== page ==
Benzer: I’ll never forget one of my first times as an altar server, I was in charge of ringing the bells at the consecration, and I couldn’t see the priest’s hands so I started ringing them too soon, only to get a very stern look from a 70-year-old priest who wasn’t too happy with his fourth- grade helper.
Kolker: I don’t know if it’s my funniest Church story, but I certainly remember a specific moment while being a seminarian in Rome waiting in line to enter St. Peter’s Basilica. After standing there for some time, it became clear that a large group of Italians, instead of waiting in line, had decided to press into the entrance from the sides. Having learned just enough Italian to feel confident in my abilities, I figured I could rectify the situation. I decided to remind them that there had been a line formed for some time now, so I drew a deep breath, got their attention, and stated, “Scusate, c’e’ una figlia.” They turned, looked at me with blank faces, and calmly resumed their mission to cut in line. It dawned on me shortly afterwards that I had shouted, “Excuse you, there is a daughter.” The word for line is “fila.” Missed it by that much.
What is the most important thing you would want people to know about The BeatiDudes podcast?
Schiefelbein: Because of the clean, fun, and witty humor of the show, The BeatiDudes is an attractive entry point for people looking to have faith conversations without being intimidated by anything overly academic or theological while simultaneously providing an outlet for the well-formed, well-educated Catholic to also join the conversation and be reminded of the need for joy as we make disciples of all nations.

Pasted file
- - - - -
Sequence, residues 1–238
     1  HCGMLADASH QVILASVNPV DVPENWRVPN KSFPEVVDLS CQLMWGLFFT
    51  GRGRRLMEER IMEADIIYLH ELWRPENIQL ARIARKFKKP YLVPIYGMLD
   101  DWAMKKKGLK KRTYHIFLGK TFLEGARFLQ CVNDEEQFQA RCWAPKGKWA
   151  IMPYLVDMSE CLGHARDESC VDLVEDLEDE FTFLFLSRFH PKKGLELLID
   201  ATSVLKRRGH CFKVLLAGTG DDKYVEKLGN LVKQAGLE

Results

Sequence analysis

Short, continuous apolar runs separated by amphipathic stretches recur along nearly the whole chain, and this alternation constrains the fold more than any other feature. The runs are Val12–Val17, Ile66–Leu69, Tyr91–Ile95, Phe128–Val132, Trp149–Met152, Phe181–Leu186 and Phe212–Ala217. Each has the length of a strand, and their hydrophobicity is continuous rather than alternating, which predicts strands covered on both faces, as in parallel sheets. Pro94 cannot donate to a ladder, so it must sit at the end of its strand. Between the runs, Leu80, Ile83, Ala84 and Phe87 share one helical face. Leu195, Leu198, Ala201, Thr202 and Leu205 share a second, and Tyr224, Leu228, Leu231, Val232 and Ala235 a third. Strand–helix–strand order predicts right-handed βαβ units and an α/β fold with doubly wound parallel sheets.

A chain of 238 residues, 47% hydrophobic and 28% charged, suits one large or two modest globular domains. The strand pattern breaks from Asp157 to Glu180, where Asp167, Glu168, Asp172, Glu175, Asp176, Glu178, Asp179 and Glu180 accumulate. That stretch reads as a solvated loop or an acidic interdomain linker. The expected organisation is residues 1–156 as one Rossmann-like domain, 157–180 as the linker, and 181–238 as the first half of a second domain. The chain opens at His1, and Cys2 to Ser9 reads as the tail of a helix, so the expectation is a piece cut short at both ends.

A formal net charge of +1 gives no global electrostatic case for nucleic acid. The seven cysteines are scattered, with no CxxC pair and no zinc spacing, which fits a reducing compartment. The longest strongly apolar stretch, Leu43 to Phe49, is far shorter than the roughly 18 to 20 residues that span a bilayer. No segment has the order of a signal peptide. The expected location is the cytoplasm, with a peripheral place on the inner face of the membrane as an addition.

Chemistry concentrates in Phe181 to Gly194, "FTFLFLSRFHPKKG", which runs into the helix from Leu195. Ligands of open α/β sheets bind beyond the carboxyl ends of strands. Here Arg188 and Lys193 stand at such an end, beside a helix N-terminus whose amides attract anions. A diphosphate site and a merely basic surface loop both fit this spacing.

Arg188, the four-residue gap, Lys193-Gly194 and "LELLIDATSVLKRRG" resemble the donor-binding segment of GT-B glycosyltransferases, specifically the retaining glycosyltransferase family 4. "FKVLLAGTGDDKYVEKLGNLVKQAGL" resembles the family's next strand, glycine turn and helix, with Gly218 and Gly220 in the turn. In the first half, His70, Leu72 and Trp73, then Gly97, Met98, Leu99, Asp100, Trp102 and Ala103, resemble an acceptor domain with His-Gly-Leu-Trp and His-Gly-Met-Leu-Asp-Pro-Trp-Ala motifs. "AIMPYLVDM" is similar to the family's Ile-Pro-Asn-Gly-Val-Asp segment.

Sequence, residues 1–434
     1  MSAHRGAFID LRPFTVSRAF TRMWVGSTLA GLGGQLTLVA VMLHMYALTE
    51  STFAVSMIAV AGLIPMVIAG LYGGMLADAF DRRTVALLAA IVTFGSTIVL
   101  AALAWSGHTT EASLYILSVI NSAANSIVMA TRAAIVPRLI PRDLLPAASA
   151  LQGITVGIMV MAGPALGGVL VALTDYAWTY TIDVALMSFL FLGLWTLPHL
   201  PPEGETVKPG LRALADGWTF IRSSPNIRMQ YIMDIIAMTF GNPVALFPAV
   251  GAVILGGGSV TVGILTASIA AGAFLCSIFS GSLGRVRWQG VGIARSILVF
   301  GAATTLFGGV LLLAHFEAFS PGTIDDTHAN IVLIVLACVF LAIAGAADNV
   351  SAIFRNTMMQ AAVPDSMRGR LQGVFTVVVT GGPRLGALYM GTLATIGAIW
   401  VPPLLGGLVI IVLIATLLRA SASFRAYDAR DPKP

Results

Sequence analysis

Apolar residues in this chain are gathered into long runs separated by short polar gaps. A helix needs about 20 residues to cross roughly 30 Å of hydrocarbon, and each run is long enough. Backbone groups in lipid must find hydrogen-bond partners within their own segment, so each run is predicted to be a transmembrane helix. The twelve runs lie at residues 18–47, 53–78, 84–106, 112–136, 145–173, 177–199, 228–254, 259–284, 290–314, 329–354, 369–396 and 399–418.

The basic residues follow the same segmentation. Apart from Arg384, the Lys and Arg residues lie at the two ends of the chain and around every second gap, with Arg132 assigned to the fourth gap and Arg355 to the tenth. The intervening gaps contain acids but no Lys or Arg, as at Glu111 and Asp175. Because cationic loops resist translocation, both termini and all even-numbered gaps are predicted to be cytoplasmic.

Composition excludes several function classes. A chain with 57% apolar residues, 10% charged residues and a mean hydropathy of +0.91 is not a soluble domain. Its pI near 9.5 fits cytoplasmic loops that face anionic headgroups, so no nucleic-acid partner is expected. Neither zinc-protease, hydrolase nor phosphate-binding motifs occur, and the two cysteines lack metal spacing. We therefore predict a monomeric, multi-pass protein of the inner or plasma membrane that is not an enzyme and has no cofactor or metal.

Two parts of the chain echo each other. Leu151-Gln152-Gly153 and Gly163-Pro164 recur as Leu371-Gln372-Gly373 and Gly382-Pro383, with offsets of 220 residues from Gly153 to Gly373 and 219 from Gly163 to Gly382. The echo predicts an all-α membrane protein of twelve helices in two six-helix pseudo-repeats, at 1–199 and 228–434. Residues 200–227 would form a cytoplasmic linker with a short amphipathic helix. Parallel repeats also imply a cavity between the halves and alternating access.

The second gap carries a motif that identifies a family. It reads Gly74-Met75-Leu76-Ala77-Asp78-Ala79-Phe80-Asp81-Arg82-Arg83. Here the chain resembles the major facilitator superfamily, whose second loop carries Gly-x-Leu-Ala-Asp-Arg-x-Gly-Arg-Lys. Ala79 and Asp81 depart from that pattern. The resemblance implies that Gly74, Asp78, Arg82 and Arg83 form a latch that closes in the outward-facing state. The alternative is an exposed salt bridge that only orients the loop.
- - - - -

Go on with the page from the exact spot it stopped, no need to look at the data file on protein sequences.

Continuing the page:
Benzer: That it’s okay to make faith accessible and personal in your life, whatever that means to you. I love our “TBD” aka The BeatiDudes question of the day, because just by being more intentional with your conversations, you can change your relationship with others in your life.
Kolker: That we are hoping to model—both by our witness and our senses of humor—how to take the faith seriously but not ourselves. God provides in so many ways, and we can have joy in the journey of growing closer to Him.